The answer is no. In fact, if, at any stage,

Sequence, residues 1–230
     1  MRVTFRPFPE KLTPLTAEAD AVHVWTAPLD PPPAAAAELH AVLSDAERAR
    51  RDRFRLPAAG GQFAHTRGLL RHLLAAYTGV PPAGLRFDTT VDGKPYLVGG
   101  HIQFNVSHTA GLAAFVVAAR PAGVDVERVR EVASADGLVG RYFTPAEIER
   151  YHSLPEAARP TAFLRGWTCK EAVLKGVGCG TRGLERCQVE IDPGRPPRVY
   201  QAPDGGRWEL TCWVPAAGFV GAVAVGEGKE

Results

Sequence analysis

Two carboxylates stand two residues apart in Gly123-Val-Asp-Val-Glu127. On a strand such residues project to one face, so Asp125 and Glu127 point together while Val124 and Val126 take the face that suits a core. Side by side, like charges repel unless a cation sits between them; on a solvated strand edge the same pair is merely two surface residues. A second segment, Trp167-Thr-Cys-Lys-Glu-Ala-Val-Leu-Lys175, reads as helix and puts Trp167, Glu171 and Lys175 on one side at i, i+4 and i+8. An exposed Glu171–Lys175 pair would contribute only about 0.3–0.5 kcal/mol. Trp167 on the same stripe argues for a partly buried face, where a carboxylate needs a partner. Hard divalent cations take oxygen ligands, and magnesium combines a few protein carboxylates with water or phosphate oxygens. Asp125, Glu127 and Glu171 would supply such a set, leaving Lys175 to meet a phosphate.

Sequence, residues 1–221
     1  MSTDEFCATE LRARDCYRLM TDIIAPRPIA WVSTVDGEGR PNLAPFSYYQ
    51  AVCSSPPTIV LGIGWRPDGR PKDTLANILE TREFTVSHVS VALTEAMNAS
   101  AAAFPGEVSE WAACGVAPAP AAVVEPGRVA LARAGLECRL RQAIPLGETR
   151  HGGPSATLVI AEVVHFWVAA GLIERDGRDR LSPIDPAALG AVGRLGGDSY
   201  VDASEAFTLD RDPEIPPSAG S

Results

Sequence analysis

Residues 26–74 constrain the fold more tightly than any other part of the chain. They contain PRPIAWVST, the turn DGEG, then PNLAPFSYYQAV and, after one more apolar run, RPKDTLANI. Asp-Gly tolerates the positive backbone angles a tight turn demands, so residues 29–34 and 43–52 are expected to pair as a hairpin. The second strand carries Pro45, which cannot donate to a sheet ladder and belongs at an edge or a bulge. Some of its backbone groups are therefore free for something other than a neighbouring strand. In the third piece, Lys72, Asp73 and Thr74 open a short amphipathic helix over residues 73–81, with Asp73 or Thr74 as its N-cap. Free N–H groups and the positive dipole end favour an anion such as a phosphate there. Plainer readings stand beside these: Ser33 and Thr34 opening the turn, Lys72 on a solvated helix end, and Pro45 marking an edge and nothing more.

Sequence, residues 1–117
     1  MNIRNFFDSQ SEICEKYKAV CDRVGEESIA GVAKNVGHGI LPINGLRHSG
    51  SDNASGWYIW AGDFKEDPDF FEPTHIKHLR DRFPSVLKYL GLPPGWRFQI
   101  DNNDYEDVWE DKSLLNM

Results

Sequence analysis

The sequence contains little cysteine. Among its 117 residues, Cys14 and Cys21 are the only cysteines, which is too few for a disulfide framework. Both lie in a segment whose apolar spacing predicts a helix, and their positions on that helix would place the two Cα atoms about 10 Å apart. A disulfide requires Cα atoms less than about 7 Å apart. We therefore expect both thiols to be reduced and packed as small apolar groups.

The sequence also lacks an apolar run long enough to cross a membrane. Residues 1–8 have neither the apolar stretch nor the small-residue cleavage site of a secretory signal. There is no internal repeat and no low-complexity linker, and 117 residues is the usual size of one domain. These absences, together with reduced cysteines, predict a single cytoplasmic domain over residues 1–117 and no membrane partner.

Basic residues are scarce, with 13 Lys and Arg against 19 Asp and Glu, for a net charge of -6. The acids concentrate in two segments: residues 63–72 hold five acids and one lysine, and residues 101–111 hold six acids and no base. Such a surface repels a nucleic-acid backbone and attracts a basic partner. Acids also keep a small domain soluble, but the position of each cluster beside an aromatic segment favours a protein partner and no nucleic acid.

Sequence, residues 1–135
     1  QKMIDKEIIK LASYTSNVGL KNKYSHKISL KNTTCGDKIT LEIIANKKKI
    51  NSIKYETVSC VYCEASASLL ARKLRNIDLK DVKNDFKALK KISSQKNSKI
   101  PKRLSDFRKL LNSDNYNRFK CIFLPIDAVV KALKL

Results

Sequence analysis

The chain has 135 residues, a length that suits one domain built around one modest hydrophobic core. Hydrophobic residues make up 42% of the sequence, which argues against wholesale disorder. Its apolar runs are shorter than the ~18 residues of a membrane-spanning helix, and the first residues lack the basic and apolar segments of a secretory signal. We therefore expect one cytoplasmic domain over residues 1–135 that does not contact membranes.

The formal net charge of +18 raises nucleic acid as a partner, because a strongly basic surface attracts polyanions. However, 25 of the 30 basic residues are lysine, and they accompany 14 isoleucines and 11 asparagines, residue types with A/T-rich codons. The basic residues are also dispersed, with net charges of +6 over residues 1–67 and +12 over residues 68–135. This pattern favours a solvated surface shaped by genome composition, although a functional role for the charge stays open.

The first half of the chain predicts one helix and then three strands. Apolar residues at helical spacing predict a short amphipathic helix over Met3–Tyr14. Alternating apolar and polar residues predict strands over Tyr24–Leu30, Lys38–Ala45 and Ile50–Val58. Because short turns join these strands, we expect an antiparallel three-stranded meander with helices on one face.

all the coins in at least one circle are heads, it's impossible to proceed to the desired final configuration by means of FLIPS and CLEARS. This not only covers a wide range of initial conditions, it also implies that for arbitrary initial configurations no sequence of operations containing a CLEAR can yield the desired final configuration. PROOF: Assume that at some stage (possibly the initial config- uration) all the coins in at least one circle are heads. Therefore, any sequence of FLIPS and CLEARS can be assumed to contain at least one CLEAR. Let A denote the circle that is the subject of the last CLEAR in the sequence, and let B and C denote the other two circles. Every operation following the last CLEAR is a FLIP of either A, B, or C. Let nA, nB, and nC denote the number of these FLIPS respect- ively. Since the coin in the triple-region was turned heads up by the last CLEAR, the sum (nA+nB+nC) must be odd for the triple-region to end up tails. The double-regions of AB and AC were also turned heads up by the last CLEAR, so the sums (nA+nB) and (nA+nC) must both be even to leave these regions heads up. It follows that nA, nB, and nC must each be odd. However, the oddness of nA implies that the single-region of A, which was turned heads up by the last CLEAR, ends up tails. Thus, the desired final configuration cannot be reached. |
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